I’ve been on a crusade about data awareness for several years now. I try to help people understand what makes their every-day digital life possible—from sending a document to print or paying with a debit or credit card, to their everyday email, twitter and Facebook activities. I’ve launched “Lighten Your Load” campaigns to encourage employees to delete unneeded digital files and emails, and I include the topic as a speaking point in just about every presentation I give.
You would think the recent flood of articles on the “truce” between Facebook and Greenpeace regarding the energy source for Facebook’s new data center in Oregon would be welcome news. Unfortunately, I’m just really annoyed. I find most of the headlines misguided and/or misleading and the Greenpeace campaign itself lacking in integrity. Add in that there are those patting each other on the back for a perceived win, when in fact they’ve only demonstrated our society’s failure to consider the whole system when attempting to solve problems, and you’ve got one good recipe for hitting a sore nerve.
Have you seen the title on Environmental Leader, a go-to source for sustainability professionals? “Facebook Caves to Greenpeace, Plans to Run on ‘Clean, Renewable Energy.’ The headline makes clear who are the winners and losers. If you scan coverage by the major news outlets, most of them opted for the word “truce” instead. A combat metaphor still, but at least it implies mutually agreed upon closure. The need to imply that the “all-powerful Facebook” recognized the error of their ways and deferred to Greenpeace is ridiculous. I’m sorry, but it is. Anyone who has ever worked on the corporate side of these kinds of challenges will tell you the same. Businesses do what (they believe to be) is in their best interest. If renewable resources could compete in terms of both cost and reliability, they would be the go-to choice for energy suppliers and purchasers. It’s really that simple.
I’m guessing the thinking was to go after a highly visible, large energy consumer, preferably one against which it would be comparatively easy to agitate the masses. Once said consumer was successfully pressured into moving to renewable energy resources, there would be a spark of investment and innovation in the field—further leading to a hoped-for decrease in cost of the product itself. I can understand the flow of the argument; I just think it is flawed.
Why do we have to have winners and losers when win-win scenarios are possible? Approaching corporations as potential partners will always be more effective in the long run. Instead of stirring up turmoil, why not use one’s resources to create a collective of major corporations that all agree to invest a set amount of money in renewable energy each year, an amount that increases at an agreed upon rate? Climate Savers Computing Initiative (CSCI) took this approach to spur the manufacturing of Energy Star desktop computers. I view their work a success—You would be hard pressed to find a computer today that isn’t Energy Star rated. CSCI successfully influenced an entire industry. Greenpeace bullied a single company. It seems like such a lost opportunity.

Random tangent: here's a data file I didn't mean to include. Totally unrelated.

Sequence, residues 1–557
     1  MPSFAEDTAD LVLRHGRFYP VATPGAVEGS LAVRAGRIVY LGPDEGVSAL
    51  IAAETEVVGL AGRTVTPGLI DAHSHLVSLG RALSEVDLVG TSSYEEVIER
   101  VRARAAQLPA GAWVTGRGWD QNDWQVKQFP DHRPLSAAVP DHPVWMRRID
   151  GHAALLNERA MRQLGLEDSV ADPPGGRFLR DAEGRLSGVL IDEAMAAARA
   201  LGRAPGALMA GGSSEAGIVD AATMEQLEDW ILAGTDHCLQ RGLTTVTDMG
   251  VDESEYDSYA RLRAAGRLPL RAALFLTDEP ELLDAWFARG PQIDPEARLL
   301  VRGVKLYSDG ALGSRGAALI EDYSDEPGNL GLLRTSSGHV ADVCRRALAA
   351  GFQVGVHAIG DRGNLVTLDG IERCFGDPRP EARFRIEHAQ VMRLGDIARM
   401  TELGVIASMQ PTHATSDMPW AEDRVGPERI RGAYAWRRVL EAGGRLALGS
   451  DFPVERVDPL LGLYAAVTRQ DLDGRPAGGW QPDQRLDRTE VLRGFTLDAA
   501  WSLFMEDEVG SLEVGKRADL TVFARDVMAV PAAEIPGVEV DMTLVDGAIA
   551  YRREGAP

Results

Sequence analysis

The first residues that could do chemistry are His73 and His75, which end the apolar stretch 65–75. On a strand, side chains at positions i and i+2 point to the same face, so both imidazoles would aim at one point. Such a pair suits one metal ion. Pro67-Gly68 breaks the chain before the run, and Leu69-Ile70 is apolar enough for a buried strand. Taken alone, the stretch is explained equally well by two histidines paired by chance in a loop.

The potential for this movement could have included widespread awareness about the carbon footprint of an individual’s digital life. It could have included tips for how to better manage data, and Greenpeace itself could have led the charge by serving as example. The challenge, though, is that our lives are managed in so many ways by technology that its use and source is more often a murky gray area, rather than black and white pronouncements of right and wrong.
To my mind, a campaign led with integrity would have meant an organization that removes itself from Facebook. After all, Facebook’s energy needs are determined by the amount of data they must manage in those centers. Greenpeace has an active fan page with over one million “Likes.” Imagine if the organization and its one million followers removed themselves en masse from the social platform. The implications could have been impressive—especially if those users went on over to Google+ to connect with their friends. Any significant movement of users outside of Facebook’s walled garden presents a potential loss of revenue in the immediate (from advertisers and app developers), not to mention the threat of a movement that extends beyond those one million users. I would guess that Google would have been happy to welcome those users as well.
If they were to make such a move, though, it would be important to ensure that all of Google’s data centers are efficient and green and sourced entirely by renewable energy (which they are not). It would make no sense to move from one platform to another if you ended up facing the same challenges, right? And that’s the crux of the issue. There is no service provider who can make such claims because it is a complicated system with complex requirements. Change needs to happen at either end of the source of the problem: production and demand. And changes in demand management for data reduction begin with the user—with us.